- Brilliant fourth-century defense of orthodoxy against Arianism
St. Athanasius stood contra mundum for the Trinitarian doctrine "whole and undefiled," when it looked as if all the civilized world was slipping back from Christianity into the religion of Arius, into one of those "sensible" synthetic religions which are so strongly recommended today and which then, as now, included among their devotees many highly cultivated clergymen. The glory of St. Athanasius is that he did not move with the times; it is his reward that he now remains when those times, like all others, have passed away.
About the Author
Athanasius of Alexandria, c. 293 – 2 May 373 , also given the titles Athanasius the Great, Pope Athanasius I of Alexandria, and Athanasius the Apostolic, was a Christian theologian, bishop of Alexandria, Church Father, and a noted Egyptian leader of the fourth century. Athanasius received his philosophical and theological training at Alexandria. He was ordained as a deacon by the contemporary patriarch, Alexander of Alexandria, in 319. In 325, he served as Alexander's secretary at the First Council of Nicaea. Athanasius spent the first years of his patriarchate visiting the churches with people of his territory, which at that time included all of Egypt and Libya. During this period, he established contacts with the hermits and monks of the desert, including Pachomius, which would be very valuable to him over the years. He is best remembered for his role in the conflict with Arius and Arianism. At the First Council of Nicaea, Athanasius argued against Arius and his doctrine that Christ is of a distinct substance from the Father.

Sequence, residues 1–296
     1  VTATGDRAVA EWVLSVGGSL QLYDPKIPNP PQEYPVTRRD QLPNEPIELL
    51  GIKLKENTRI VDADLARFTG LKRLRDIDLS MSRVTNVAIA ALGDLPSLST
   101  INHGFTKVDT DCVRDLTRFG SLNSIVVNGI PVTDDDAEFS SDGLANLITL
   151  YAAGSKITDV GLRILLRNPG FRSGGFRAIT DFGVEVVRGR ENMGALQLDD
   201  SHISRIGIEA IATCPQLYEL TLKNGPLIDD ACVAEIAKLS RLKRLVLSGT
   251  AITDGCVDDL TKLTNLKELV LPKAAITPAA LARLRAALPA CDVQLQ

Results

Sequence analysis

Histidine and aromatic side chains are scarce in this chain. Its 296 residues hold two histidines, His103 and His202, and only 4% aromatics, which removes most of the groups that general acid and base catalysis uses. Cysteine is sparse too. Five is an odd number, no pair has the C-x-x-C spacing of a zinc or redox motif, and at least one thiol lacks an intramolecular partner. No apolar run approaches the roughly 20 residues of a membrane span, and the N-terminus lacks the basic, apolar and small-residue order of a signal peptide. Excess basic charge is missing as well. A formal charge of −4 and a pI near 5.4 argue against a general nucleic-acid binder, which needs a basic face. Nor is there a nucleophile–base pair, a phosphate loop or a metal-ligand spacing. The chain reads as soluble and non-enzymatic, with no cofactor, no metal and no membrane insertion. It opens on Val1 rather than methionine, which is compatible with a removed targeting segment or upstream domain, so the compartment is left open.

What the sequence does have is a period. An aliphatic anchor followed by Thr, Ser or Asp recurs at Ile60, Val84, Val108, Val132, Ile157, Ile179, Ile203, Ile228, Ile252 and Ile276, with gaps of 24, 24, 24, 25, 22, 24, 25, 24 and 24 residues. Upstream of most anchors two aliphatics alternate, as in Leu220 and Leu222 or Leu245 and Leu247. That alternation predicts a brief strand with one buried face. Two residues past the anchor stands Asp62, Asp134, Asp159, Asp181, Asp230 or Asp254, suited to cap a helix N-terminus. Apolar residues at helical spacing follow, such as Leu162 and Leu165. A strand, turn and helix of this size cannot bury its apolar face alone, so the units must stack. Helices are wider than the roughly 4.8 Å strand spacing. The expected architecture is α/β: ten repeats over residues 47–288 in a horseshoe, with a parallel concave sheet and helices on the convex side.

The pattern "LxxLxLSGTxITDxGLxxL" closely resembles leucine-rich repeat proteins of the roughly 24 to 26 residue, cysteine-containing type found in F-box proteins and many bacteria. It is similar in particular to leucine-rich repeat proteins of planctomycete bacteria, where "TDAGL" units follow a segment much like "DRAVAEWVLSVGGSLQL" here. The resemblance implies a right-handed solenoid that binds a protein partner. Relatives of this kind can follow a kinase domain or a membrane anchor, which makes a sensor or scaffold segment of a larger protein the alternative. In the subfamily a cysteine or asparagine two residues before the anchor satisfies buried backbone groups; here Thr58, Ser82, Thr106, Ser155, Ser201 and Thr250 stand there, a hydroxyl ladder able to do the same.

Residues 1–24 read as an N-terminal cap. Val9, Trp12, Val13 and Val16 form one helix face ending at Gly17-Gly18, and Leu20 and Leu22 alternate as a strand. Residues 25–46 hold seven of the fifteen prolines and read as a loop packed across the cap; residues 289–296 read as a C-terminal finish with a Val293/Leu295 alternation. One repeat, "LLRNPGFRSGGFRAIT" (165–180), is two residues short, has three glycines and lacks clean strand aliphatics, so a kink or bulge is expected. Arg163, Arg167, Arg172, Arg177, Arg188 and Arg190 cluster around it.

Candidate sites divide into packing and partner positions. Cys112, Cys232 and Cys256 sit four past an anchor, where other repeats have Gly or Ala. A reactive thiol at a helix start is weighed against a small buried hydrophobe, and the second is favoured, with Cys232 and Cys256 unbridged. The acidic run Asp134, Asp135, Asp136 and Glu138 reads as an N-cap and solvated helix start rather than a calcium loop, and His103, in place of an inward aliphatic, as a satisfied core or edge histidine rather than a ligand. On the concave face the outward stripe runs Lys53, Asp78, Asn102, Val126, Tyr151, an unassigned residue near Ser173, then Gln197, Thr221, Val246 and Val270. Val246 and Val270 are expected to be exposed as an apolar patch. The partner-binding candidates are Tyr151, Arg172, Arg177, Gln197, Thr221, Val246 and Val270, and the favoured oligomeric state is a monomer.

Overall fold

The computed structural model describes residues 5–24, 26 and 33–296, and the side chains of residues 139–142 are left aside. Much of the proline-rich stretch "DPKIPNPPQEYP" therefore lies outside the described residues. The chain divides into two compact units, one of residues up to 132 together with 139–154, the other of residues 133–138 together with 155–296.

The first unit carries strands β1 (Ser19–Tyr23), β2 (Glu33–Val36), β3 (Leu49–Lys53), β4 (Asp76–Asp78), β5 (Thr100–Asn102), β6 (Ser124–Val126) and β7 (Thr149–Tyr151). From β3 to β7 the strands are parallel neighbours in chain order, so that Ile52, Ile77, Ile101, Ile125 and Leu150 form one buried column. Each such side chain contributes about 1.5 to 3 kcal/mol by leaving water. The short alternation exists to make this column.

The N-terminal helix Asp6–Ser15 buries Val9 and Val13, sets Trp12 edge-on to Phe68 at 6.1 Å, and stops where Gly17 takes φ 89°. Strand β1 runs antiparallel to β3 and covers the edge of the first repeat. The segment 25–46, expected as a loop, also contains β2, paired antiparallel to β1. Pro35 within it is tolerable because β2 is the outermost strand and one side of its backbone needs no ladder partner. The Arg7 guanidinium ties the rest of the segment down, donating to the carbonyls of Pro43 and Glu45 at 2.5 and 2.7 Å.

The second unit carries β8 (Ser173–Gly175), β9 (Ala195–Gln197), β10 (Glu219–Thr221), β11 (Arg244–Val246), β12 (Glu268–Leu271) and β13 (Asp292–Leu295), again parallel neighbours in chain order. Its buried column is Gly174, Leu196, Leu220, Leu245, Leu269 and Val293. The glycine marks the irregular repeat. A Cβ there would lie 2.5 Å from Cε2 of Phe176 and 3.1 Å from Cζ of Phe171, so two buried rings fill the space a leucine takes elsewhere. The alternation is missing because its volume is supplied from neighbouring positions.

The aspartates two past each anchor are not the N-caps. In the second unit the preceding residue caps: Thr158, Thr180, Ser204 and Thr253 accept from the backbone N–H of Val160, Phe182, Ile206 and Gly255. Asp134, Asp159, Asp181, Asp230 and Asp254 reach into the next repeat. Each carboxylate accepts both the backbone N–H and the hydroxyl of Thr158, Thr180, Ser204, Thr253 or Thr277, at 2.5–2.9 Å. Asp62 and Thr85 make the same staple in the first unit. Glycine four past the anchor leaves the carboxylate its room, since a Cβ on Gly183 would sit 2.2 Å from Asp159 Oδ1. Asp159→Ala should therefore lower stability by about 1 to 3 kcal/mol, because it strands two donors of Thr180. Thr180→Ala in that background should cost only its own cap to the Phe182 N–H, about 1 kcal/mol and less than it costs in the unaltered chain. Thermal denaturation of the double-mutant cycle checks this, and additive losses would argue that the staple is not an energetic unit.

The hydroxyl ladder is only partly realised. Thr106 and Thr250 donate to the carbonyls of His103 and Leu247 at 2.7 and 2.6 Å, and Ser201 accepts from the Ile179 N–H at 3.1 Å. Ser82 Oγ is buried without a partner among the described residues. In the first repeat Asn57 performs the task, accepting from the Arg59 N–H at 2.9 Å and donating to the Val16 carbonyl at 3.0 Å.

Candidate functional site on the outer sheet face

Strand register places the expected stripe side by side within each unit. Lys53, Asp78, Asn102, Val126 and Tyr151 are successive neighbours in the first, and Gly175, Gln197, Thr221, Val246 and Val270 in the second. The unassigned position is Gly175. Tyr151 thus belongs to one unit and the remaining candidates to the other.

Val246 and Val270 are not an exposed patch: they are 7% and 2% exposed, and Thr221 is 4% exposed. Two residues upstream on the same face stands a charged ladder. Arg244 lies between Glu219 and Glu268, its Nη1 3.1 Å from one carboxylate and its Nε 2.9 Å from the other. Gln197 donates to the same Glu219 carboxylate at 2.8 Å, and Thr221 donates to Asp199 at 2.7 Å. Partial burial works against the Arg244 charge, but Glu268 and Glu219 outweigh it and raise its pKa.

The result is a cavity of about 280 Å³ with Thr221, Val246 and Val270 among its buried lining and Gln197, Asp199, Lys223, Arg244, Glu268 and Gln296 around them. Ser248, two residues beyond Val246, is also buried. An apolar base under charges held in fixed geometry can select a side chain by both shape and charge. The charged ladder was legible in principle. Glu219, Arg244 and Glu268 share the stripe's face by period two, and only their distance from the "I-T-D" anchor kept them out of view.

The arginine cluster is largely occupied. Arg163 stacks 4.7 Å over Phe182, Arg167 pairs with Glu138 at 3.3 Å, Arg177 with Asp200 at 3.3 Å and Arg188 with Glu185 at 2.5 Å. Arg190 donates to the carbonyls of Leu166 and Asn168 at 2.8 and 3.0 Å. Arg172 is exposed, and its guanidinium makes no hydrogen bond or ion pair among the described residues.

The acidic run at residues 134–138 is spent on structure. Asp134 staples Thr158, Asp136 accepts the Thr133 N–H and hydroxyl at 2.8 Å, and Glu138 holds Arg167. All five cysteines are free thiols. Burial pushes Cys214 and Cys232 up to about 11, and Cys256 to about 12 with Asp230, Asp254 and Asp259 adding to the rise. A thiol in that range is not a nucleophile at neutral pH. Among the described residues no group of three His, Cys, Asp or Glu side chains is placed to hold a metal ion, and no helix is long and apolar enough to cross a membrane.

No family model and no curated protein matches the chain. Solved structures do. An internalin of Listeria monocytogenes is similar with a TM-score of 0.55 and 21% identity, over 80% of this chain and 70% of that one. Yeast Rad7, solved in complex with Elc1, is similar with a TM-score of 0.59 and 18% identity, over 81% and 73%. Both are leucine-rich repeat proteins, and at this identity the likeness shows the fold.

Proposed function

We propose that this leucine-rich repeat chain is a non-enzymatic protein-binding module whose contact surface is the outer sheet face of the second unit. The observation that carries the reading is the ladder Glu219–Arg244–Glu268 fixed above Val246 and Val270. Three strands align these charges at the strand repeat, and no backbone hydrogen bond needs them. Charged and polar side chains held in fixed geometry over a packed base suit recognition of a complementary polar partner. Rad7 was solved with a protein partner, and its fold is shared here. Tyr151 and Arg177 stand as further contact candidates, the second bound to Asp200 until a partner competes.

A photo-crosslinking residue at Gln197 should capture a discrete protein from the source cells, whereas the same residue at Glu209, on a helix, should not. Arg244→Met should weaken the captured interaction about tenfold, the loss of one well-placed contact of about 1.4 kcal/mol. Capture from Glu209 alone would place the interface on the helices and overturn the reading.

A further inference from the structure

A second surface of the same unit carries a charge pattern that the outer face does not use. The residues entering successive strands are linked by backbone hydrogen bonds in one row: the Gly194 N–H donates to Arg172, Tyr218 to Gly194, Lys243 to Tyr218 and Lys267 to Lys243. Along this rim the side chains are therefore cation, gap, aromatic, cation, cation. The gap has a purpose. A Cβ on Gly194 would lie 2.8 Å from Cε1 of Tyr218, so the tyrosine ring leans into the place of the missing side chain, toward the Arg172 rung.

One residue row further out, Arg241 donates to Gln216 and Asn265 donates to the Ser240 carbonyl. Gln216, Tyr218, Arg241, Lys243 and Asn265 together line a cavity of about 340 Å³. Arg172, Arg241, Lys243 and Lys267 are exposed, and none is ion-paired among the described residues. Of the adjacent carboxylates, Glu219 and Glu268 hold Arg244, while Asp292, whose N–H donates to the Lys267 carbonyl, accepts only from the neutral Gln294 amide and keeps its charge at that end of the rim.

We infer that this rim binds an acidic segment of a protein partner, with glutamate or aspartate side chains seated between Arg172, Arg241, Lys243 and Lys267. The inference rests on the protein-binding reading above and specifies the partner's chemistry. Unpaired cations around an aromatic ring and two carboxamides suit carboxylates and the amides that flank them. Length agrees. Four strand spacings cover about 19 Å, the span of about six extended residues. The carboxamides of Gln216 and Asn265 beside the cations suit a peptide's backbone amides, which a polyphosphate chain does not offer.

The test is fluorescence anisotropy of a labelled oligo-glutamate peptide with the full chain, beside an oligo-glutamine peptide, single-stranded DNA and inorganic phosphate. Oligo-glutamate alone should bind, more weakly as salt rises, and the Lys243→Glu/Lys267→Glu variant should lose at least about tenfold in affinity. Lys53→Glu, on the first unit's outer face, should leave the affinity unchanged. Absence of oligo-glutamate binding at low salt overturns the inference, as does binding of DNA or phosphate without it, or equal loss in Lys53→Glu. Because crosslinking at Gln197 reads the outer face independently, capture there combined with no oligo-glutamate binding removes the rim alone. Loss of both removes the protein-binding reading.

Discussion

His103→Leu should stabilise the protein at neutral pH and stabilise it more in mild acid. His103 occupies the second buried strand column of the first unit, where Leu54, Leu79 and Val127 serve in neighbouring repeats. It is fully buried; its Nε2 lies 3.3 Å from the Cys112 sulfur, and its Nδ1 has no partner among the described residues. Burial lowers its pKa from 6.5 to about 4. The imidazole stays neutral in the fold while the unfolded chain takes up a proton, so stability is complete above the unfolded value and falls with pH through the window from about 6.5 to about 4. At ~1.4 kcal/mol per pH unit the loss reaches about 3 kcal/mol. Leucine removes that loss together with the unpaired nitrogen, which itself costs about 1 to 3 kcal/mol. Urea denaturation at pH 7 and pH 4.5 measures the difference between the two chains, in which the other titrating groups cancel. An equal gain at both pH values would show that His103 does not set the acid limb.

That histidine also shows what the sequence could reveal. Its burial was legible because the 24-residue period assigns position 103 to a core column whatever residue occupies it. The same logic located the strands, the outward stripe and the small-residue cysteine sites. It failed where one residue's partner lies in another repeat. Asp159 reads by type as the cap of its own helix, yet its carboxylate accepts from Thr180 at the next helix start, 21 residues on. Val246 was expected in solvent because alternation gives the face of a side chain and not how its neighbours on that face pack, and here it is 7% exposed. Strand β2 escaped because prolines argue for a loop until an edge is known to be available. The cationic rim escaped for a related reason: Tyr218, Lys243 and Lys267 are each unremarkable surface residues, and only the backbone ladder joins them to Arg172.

Saint Athanasius died peacefully in his own bed, surrounded by his clergy and faithful. Athanasius is a Doctor of the Church in the Catholic Church in communion with the Bishop of Rome, and he is counted as one of the four Great Doctors in the Eastern Orthodox Christian tradition. Athanasius' feast day is 2 May in Western Christianity, 15 May in the Coptic Orthodox Church, and 18 January in the other Eastern Orthodox churches.